Autism risk grows steadily with fathers' increasing age, but rises rapidly with mothers' age after 30, a new study has found.
Researchers found that older parents are more likely to have a child who develops an autism spectrum disorder (ASD) than are younger parents.
The study by researchers from the Drexel University School of Public Health in Philadelphia and Karolinska Institute in Sweden found that fathers' and mothers advancing ages have different impacts on their child's autism risk.
The rise in ASD risk with parental age was greater for older mothers as compared to older fathers.
Researchers found that the risk of having a child with ASD had a more complicated relationship to age in women than in men - whose risk of fathering a child with ASD increased linearly with age across their lifespan.
Among women giving birth before the age of 30, the risk of ASD in the child showed no association with age - it was simply very low. But for babies born to mothers aged 30 and older, the chance of developing ASD rose rapidly with the mother's age.
Brian K Lee, an assistant professor in the Drexel University School of Public Health and research fellow of the AJ Drexel Autism Institute noted that the non-linear maternal age effect that is relatively stronger than the paternal age effect on ASD risk has been observed in previous studies, but has not received much attention.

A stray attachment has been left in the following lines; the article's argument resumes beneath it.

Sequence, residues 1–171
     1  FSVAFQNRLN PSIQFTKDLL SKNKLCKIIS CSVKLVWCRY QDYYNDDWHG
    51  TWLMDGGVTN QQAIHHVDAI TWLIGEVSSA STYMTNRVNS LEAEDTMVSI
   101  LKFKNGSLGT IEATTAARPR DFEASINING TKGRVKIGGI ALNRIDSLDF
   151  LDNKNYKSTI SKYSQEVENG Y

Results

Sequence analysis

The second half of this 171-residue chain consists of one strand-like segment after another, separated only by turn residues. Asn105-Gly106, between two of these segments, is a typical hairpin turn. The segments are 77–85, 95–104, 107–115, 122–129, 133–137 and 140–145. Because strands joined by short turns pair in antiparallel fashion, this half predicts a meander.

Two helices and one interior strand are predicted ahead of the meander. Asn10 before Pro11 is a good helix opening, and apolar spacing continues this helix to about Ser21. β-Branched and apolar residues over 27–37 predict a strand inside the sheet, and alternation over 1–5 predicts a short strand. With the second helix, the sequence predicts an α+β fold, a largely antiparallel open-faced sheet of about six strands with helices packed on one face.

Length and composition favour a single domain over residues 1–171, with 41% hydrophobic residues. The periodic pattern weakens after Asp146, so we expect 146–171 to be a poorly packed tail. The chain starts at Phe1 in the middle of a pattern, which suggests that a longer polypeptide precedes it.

Multiple mechanisms could be in play to account for the different patterns of risk, including environmental risk factors occurring in women after age 30. Factors such as complications in pregnancy could also underlie the effect of mothers' ages on a child's ASD risk but not a paternal age effect.
The linear, steady increase in risk associated with fathers' ages is consistent with the hypothesis of increased genomic alterations over the father's lifespan that can increase risk of ASD, said Lee, senior author of the study.
In the study, Lee and colleagues analysed a large population registry sample of 417,303 children born in Sweden between 1984 and 2003 and adjusted for numerous possible factors that could vary with parental age and also influence risk, such as family income and each parent's psychiatric history.